```{r echo=FALSE}
fig_nums(name="dsm.xy.depth-depth", caption="Plot of the smooth of depth in `dsm.xy.depth`. This \"hockey stick\" shaped smooth indicates that there is not much information in depth after 500m.", display=FALSE)
```
Simply calling `plot` on the model object allows us to look at the relationship between depth and the linear predictor (shown in `r fig_c("dsm.xy.depth-depth")`):
```{r dsm.xy.depth-depth, fig.cap=""}
plot(dsm.xy.depth, select=2)
```
`r fig_nums("dsm.xy.depth-depth")`
Omitting the argument `select` in the call to `plot` will plot each of the smooth terms, one at a time.
## Spatial models when there are covariates in the detection function
The code to fit the DSM when there are covariates in the detection function is similar to the other models, above. However since the detection function has observation-level covariates, we must estimate the abundance per segment using a Horvitz-Thompson-like estimator before modelling, so we change the response to be `abundance.est`:
``` {r cache=TRUE}
dsm.est.xy <- dsm(abundance.est~s(x,y), detfc.hr.beau, segdata, obsdata, method="REML")
```
As we can see, the `summary` results are rather similar:
```{r}
summary(dsm.est.xy)
```
```{r echo=FALSE}
fig_nums(name="visgam5", caption="Plot of the spatial smooth in `dsm.est.xy`.", display=FALSE)
```
As is the resulting spatial smooth (though the resulting surface is somewhat "amplified):
```{r visgam5, fig.cap=""}
vis.gam(dsm.est.xy, plot.type="contour", view=c("x","y"), asp=1, type="response", zlim=c(0, 300), contour.col="black", n.grid=100)
```
`r fig_nums("visgam5")`
## Other response distributions
Often the quasi-Poisson distribution doesn't give adequate flexibility and doesn't capture the overdispersion in the response data (see [Model checking] and [Model selection] below), so below we illustrate two additional distributions that can be used with count data.
For the models in this section, we'll move back to the `count` response, though the estimated abundance would also work.
### Tweedie
Response distributions other than the quasi-Poisson can be used, for example the Tweedie distribution. The Tweedie distribution is available in `dsm` by setting `family=tw()`.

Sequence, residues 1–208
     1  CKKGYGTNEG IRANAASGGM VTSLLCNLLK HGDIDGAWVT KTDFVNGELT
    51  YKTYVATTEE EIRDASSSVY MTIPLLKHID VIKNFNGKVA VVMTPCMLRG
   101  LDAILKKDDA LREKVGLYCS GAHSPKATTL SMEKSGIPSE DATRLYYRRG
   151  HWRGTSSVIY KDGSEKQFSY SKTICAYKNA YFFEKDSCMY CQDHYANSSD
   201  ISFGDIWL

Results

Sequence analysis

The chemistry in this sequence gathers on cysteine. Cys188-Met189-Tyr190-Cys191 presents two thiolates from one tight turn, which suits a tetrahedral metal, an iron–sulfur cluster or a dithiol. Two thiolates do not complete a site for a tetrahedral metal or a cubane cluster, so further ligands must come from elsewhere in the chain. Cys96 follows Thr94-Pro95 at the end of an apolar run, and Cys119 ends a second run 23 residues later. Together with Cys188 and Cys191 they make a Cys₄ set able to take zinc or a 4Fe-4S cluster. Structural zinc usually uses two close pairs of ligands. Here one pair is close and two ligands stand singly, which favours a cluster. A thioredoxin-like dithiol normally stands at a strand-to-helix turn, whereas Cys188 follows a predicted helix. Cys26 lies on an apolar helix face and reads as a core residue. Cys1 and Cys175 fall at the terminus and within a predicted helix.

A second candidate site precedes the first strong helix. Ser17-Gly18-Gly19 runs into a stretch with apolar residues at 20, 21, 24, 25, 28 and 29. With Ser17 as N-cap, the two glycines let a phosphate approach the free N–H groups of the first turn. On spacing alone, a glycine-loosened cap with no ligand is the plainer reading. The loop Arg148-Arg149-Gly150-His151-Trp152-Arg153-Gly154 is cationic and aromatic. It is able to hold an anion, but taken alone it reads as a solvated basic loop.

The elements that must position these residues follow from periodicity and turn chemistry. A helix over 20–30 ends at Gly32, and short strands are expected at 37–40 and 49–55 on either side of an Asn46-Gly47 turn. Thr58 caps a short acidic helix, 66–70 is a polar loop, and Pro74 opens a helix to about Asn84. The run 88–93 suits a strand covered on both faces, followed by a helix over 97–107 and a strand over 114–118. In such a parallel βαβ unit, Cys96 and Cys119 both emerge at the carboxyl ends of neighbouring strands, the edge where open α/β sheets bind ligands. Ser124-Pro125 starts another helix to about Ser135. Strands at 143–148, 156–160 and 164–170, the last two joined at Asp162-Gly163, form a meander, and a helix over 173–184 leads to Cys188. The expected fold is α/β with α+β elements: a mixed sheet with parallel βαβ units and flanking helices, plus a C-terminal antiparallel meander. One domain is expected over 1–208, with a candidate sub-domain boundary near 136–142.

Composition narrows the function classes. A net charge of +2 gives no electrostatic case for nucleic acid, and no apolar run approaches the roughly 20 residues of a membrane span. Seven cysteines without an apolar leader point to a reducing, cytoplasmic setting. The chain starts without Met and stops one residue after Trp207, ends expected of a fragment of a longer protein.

```{r tweedie-fit}
dsm.xy.tweedie <- dsm(count~s(x,y), detfc.hr.null, segdata, obsdata, family=tw(), method="REML")
summary(dsm.xy.tweedie)
```
### Negative binomial
Though not used here there are, similarly, two options for the negative binomial distribution: `negbin` and `nb`. The former requires the user specification single parameter `theta` or a range of values for the parameter (specified as a vector), the latter estimates the value of `theta` during the model fitting process (and is generally faster). The latter is recommended for most users.
## Other spatial modelling options
There is a large literature on spatial modelling using GAMs, much of which can be harnessed in a DSM context. Here are a few highlights.
### Soap film smoothing
To account for a complex region (e.g., a region that includes peninsulae) we can use the soap film smoother (Wood *et al*, 2008).
To use a soap film smoother for the spatial part of the model we must create a set of knots for the smoother to use. This is easily done using the `make.soapgrid()` function in `dsm`:
```{r soap-knots}
soap.knots <- make.soapgrid(survey.area,c(15,10))
```
where the second argument specifies the number of points (in each direction) in the grid that will be used to create the knots (knots in the grid outside of `survey.area` are removed).
As we saw in the exploratory analysis, some of the transect lines are outside of the survey area. These will cause the soap film smoother to fail, so we remove them:
```{r soap-setup}
x <- segdata$x; y<-segdata$y
onoff <- inSide(x=x,y=y, bnd=as.list(survey.area))
rm(x,y)
segdata.soap <- segdata[onoff,]
```
Note that the [`soap_checker` script available here](https://github.com/dill/soap_checker) can be useful in ensuring that the boundary, data and knots are in the correct format to use with the soap film smoother.